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5. Verify the commutative law of addition for vectors in 8. Show with examples that if x is a vector in the ﬁrst R4. quadrant of R2 (i.e., both coordinates of x are posi- tive) and y is a vector in the third quadrant of R2 (i.e., 6. Verify the associative law of addition for vectors in both coordinates of y are negative), then the sum x +y R4. could occur in any of the four quadrants. 7. Verify properties (4.1.5)–(4.1.8) for vectors in R3.

4.2 Deﬁnition of a Vector Space

In the previous section, we showed how the set Rn of all ordered n-tuples of real num- bers, together with the addition and scalar multiplication operations deﬁned on it, has the same algebraic properties as the familiar algebra of geometric vectors. We now push this abstraction one step further and introduce the idea of a vector space. Such an ab- straction will enable us to develop a mathematical framework for studying a broad class of linear problems, such as systems of linear equations, linear differential equations, and systems of linear differential equations, which have far-reaching applications in all areas of applied mathematics, science, and engineering.

Let V be a nonempty set. For our purposes, it is useful to call the elements of V vectors and use the usual vector notation u, v,...,to denote these elements. For example, if V is the set of all 2 × 2 matrices, then the vectors in V are 2 × 2 matrices, whereas if V is the set of all positive integers, then the vectors in V are positive integers. We will be interested only in the case when the set V has an addition operation and a scalar multiplication operation deﬁned on its elements in the following senses:

Vector Addition: A rule for combining any two vectors in V . We will use the usual + sign to denote an addition operation, and the result of adding the vectors u and v will be denoted u + v.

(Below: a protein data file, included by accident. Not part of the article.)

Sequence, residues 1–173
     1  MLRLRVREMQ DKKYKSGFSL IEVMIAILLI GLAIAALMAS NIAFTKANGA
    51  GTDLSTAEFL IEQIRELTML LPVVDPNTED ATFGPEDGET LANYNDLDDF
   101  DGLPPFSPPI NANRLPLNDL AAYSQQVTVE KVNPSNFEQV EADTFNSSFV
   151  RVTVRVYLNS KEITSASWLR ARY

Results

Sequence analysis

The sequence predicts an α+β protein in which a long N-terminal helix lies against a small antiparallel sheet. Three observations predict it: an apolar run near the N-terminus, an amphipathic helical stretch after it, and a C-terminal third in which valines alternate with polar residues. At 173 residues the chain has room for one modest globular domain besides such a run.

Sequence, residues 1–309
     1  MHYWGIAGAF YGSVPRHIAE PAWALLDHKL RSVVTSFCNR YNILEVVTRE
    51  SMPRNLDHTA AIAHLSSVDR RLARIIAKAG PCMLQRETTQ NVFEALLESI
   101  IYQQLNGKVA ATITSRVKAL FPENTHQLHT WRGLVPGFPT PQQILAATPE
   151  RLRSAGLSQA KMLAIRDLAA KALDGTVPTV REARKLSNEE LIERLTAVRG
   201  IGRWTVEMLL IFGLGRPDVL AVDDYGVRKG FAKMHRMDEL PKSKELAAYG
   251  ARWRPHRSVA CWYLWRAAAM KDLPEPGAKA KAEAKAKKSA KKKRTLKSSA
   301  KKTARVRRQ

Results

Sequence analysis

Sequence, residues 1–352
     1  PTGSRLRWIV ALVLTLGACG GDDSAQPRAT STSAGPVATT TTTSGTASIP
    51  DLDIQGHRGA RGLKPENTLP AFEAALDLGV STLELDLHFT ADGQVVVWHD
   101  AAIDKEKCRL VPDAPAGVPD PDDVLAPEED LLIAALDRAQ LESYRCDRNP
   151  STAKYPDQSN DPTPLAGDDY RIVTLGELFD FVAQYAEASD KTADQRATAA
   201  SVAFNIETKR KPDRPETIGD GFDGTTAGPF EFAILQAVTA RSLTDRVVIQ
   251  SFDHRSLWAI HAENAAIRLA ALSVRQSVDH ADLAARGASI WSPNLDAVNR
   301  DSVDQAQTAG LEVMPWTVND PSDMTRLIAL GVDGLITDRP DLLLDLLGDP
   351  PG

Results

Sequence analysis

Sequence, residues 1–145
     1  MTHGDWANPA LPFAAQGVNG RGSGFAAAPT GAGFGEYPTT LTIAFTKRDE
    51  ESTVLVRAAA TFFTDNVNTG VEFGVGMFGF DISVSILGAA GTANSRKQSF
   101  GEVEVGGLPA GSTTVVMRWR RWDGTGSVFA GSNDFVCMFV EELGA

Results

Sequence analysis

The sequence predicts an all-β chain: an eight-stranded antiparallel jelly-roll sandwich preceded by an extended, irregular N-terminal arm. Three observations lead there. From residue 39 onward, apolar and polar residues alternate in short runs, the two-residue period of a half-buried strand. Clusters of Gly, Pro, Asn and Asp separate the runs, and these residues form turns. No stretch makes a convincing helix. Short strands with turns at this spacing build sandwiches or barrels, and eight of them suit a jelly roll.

Real (or Complex) Scalar Multiplication: A rule for combining each vector in V with any real (or complex) number. We will use the usual notation kv to denote the result of scalar multiplying the vector v by the real (or complex) number k.

To combine the two types of scalar multiplication, we let F denote the set of scalars for which the operation is deﬁned. Thus, for us, F is either the set of all real numbers or the set of all complex numbers. For example, if V is the set of all 2 × 2 matrices with complex elements and F denotes the set of all complex numbers, then the usual operation of matrix addition is an addition operation on V , and the usual method of multiplying a matrix by a scalar is a scalar multiplication operation on V . Notice that the result of applying either of these operations is always another vector (2 × 2 matrix) in V .

As a further example, let V be the set of positive integers, and let F be the set of all real numbers. Then the usual operations of addition and multiplication within the real numbers deﬁne addition and scalar multiplication operations on V . Note in this case, however, that the scalar multiplication operation, in general, will not yield another vector in V , since when we multiply a positive integer by a real number, the result is not, in general, a positive integer.

We are now in a position to give a precise deﬁnition of a vector space.

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4.2 Deﬁnition of a Vector Space 241

DEFINITION 4.2.1 Let V be a nonempty set (whose elements are called vectors) on which are deﬁned an addition operation and a scalar multiplication operation with scalars in F . We call V a vector space over F , provided the following ten conditions are satisﬁed:

A1. Closure under addition: For each pair of vectors u and v in V , the sum u + v is also in V . We say that V is closed under addition.

A2. Closure under scalar multiplication: For each vector v in V and each scalar k in F , the scalar multiple kv is also in V . We say that V is closed under scalar multiplication.

A3. Commutativity of addition: For all u, v ∈ V ,wehave

u + v = v + u.

A4. Associativity of addition: For all u, v, w ∈ V ,wehave

(u + v) + w = u + (v + w).

A5. Existence of a zero vector in V : In V there is a vector, denoted 0, satisfying

v + 0 = v, for all v ∈ V.

A6. Existence of additive inverses in V : For each vector v In V , there is a vector, denoted −v,inV such that v + (−v) = 0.

A7. Unit property: For all v ∈ V , 1v = v.

A8. Associativity of scalar multiplication: For all v ∈ V and all scalars r, s ∈ F ,

(rs)v = r(sv).

A9. Distributive property of scalar multiplication over vector addition: For all u, v ∈ V and all scalars r ∈ F ,

r(u + v) = ru + rv.

A10. Distributive property of scalar multiplication over scalar addition: For all v ∈ V and all scalars r, s ∈ F ,

(r + s)v = rv + sv.

Remarks

1. A key point to note is that in order to deﬁne a vector space, we must start with all of the following: (a) A nonempty set of vectors V . (b) A set of scalars F (either R or C).